THE UNDERSIDE OF TECHNOLOGY: LIFECYCLES OF LIBERACIÓN IN THE DIGITAL AGE
Keywords:imagined infrastructures, analectics, global south, migration, emotional labor, monolithic
AbstractIn The Underside of Modernity: Apel, Ricoeur, Rorty, Taylor, and the Philosophy of Liberation (1996), Enrique Dussel prescribes a philosophical pushback to what Eduardo Mendieta calls the ‘discourses of Modernity.’ Emanating from the global south, as both proximate and philosophical situations, Dussel elegantly unravels a metaphysical prescription of Modernity as the blueprint of empire articulated via political, religious, and cultural hegemonic universality. The goal is to reimagine the ethics of liberation outside of Modernity’s stranglehold on philosophy. Dussel’s thesis is simple: resistance to dominant hegemonic frames which center Western Modernity as that which must be repelled passively accepts those frames as a starting point. In other words, framing resistance as negation (i.e., postmodernism) upholds a binary of dominance/resistance wherein the myth of Modernity remains dialectically centered. What Dussel advocates for is a lens enabling us “...to stand outside the reality within which we live in order to critically understand it” (Burton & Osario, 2011, p. 26). To this end, he proposes a ‘transmodern’ position that privileges practices of the ‘Other’—on outskirts of the Modern colonial scheme—as focal points of liberation philosophy. In his ‘analectic’ method, Dussel decenters the Modern as a starting point of investigation and/or resistance, privileging the material realities of the ‘Other’ as locus of cultural knowledge. In the vein of decolonial inquiry, the ‘Other’ is of the anterior of hegemonic frames, a subject on/of the outskirts that, when face-to-face with dominant hegemony, presents a new way of understanding systems, universalities (which Dussel believes exist, just not as prescribed by Modernity), and the very prescription of the Modern subject. In defining liberation as praxis, the analectic method accounts for the complex realities of the colonized as targets of, and transgressors to, systems of colonization, depending upon material context. Our panel draws inspiration from the analectical approach and includes papers that elucidate the material realities of Otherness on the underside of technology. In an age of technological globalization tethered to neoliberal market principles, we argue that approaching questions of technological expansionism via traditional ‘discourses of technology’ that perpetuate the dominance/resistance binary is insufficient if the aim of decolonizing the internet, the systems which support it, and the artefacts which connect us to it is to be achieved. By focusing instead on individual acts of resistance to totalizing technological systems, we investigate the complexities of living within the landscape of technological hegemony from the lens of the user. From migrants of the global south who both rely upon, and transgress, mobile technologies and the critical infrastructure which supports it, to everyday consumers of technology that often universalize and therefore industrialize lived experiences, the metaphor of existing within and simultaneously reacting to systems of colonization persists. Specifically, we clarify the lifecycle of technological expansionism, from the act of occupation to individual acts of resistance in specific panel presentations that discuss: - Imagined infrastructures of the ‘smart’ (neo-colonial) city. - The push and pull of maintaining Latinx identity within homogeneous digital platforms. - The emotional and physical labor of Asian American women in countering Western narratives which totalize “Asian” identity as monolithic. - The South American migrant experience as dependent upon and reactionary to critical infrastructure. - Corporeal memorialization as resistance to industrialized memory. Each panel topic identifies technological systems, platforms, and/or infrastructures as modern-day instantiations of colonialism as a basis of investigation. For example, multiple papers clarify technological systems and infrastructures as conduits of cultural imperialism, evident in global urban transformation projects and the industrialization of memory, while others query the role of platform affordances in perpetuating inequity and encouraging monolithic identity. As pushback to this totalization, multiple papers highlight the liminal experience of ‘Otherness,’ caught between the tensions of material reality and the opacity of dominant technological systems that often shape, steer, and ultimately universalize human experience. Centering the lens of the individual, we investigate the necessary utility of global technologies (the ‘realities within which we live’) while articulating how actual experience with, and consumption of, these technologies by those on the periphery (those who ‘stand outside’ that reality) can inform a critical understanding of their socio-technical impact. These research topics identify the importance and relevance of decolonial philosophy as a primary framework for understanding the path to liberation from the enveloping forces of global technological systems. In encouraging an analectic, transmodern approach to questions of technological hegemony, we decenter the discourses of Modernity, and by extension the circular dominance/resistance feedback loop which informs much traditional critical scholarship. This panel offers a glimpse from the outskirts, from the periphery of the colonial horizon, situating praxis as foundational to clarifying our socio-technical ontologies. References Burton, M., & Osorio, J. M. F. (2011). Introducing Dussel: The philosophy of liberation and a really social psychology. Psychology in Society, (41), 20-39.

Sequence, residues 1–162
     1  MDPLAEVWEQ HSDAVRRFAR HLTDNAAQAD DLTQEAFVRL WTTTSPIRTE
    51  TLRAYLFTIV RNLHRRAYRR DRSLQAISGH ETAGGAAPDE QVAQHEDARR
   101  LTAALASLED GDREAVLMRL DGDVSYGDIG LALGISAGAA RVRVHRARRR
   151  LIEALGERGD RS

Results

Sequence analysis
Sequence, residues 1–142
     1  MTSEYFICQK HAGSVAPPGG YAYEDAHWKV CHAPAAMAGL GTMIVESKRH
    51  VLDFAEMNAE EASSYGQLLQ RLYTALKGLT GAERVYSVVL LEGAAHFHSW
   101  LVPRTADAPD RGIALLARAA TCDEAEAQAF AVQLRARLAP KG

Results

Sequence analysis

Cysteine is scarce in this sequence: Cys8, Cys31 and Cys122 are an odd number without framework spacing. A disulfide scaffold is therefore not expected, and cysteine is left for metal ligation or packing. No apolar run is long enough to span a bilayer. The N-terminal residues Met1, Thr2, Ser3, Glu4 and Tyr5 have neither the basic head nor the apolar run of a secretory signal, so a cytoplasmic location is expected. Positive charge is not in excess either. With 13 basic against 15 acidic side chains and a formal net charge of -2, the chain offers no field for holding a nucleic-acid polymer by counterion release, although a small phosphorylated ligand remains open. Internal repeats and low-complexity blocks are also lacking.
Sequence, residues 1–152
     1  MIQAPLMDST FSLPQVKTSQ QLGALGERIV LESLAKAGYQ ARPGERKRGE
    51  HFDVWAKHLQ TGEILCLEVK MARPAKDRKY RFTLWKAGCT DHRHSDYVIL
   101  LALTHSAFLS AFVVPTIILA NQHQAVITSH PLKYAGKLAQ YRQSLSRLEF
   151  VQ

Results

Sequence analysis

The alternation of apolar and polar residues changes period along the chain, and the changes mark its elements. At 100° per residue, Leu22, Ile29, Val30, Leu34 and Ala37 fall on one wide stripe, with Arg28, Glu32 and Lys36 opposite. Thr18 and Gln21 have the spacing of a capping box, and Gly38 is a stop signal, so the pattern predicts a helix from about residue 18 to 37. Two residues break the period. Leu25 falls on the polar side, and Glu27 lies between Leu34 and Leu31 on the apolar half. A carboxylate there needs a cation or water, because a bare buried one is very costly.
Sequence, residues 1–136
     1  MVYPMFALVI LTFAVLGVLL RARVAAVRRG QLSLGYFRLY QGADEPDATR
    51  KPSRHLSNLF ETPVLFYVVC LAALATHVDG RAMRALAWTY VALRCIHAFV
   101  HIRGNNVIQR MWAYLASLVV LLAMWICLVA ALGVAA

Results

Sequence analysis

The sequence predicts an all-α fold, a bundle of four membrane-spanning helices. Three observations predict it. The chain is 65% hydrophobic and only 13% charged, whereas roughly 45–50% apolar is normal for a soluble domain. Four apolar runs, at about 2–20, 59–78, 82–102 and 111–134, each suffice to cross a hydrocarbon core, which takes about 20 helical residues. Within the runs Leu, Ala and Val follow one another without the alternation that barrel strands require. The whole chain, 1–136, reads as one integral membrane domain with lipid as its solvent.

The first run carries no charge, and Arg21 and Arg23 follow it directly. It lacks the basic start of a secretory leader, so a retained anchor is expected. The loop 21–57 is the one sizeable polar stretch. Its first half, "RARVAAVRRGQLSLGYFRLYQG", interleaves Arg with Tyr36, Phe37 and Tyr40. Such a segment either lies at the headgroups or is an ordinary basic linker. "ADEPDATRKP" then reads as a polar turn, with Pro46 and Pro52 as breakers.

How to Cite
O’Connell, C., Van De Wiele, C., Garcia, M., Ferris Dobles, M., & Macon, J. (2023). THE UNDERSIDE OF TECHNOLOGY: LIFECYCLES OF LIBERACIÓN IN THE DIGITAL AGE. AoIR Selected Papers of Internet Research, 2022. https://doi.org/10.5210/spir.v2022i0.12963